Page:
Anyway, I do plan to continue with the series. I already have the Clay's-PoV companion story, since it was (I believe) also free, but I strongly hope the later volumes have editing more like (Mis)Fortune than like this one!
*** (If you'd toss me those metaphorical nickels or free read, Ms. Haag, I'd be willing to type up my corrections for you to apply. I'm one of those compulsive readers who can't help spotting — and annotating — most goofs, but it'd be nice to have my lost time do some good.) ***
Let me just start out with the fact that it is very very obvious this is a self-published novel. The formatting is off, the sentences in the beginning made me want to wince, and there was no polish or shine. I almost put it down within the first few minutes because it seriously needed an editor. However, Hope(Less) has one saving element that made me finish all 353 pages of it in one sitting.
In Haag's novel, Gabby finds an older werewolf named Sam who becomes her adopted grandfather. First off, that's a little weird. This random dude turns into a wolf in front of her, and then she goes to live with him two months later. I don't know, maybe I'm just not as trusting. Then Sam decides to hook her up with every eligible male werewolf because she has this attractive power about her that makes males become complete horn dogs. And he gives her rules that have her wanting to go out-of-state as quickly as possible. Sorry, still very iffy plot to me. When Gabby's eighteen, "The One" appears right before she's headed off to college. Except Gabby won't have it and decides to go anyway. No one is the boss of her, blah blah blah. (Where was this attitude the last two years, missy?)
Clay, twenty-five-years-old and a loner when it comes to werewolf politics, is Gabby's "The One." Except he won't speak to her. He grunts and shakes his head whenever he feels like it. And when she heads off to college, he follows her. In wolf form. He becomes the house pet for Gabby and her roommate, a canine companion that Gabby slowly learns to love. And this is where the author excelled and why I ended up finishing this novel. It definitely wasn't for majority of the plot, it was for the slow romance that simmered between Gabby and Clay. There was a spark in the beginning, not a classic "I love you!" at first sight. And then it grew. It's all very sweet, and the reader actually feels rewarded when the relationship hits a new corner. Gabby doesn't try to impress anyone, she doesn't rave about hotness levels 24/7, she's just a regular girl minus the weird freaky mind power. And Clay doesn't even talk 95% of the book. (Don't worry, actions speak louder in words. A good lesson to remember.) This type of courtship is something I rarely read about, so I was drawn in out of curiosity.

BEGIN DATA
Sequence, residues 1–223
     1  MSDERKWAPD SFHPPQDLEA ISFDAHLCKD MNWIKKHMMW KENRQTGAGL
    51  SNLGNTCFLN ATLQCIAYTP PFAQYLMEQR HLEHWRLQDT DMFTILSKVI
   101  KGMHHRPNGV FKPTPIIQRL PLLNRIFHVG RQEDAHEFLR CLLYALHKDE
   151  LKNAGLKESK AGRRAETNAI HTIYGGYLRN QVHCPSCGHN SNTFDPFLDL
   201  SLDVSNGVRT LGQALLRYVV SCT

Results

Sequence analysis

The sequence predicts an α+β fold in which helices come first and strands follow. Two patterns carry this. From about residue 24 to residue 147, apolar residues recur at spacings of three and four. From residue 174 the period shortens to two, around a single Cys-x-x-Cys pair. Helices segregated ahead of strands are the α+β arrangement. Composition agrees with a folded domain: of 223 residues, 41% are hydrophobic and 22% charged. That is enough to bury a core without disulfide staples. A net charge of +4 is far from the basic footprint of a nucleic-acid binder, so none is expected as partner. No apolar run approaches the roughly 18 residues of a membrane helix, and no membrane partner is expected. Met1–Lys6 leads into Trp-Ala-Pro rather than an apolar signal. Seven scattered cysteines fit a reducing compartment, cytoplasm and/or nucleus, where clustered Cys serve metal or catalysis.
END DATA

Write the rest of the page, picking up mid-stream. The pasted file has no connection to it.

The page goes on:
That being said, there were a lot of elements in the novel that could have done with a lot more explaining. Gabby thinks she knows what her power is, but it's all very murky and up in the air. I didn't get it. And I wish we had learned more about the werewolf world. The girl is far from eloquent and glosses over it completely. Oh well. The writing needed work, and the plot itself was weak at parts. I do recommend this if you're sick of reading instalove and want something light to read. Or, maybe you're a future writer and need a way to make your characters fall in love with each other. Hint: Haag did it right.
Rating: 2.75 stars
this was a really enjoyable read, a refreshing change from the silly and saccharin twilight-esque tales that flood the market. I don't know what is wrong with Gabby. I loved Clay immediately. However I found Gabby tiresome. She is selfish and dumb and her exploration of her gift was boring and stupid. Her choices are not sensible. Frankly, Clay deserves better. Still it was an enjoyable read with humor, romance and suspense.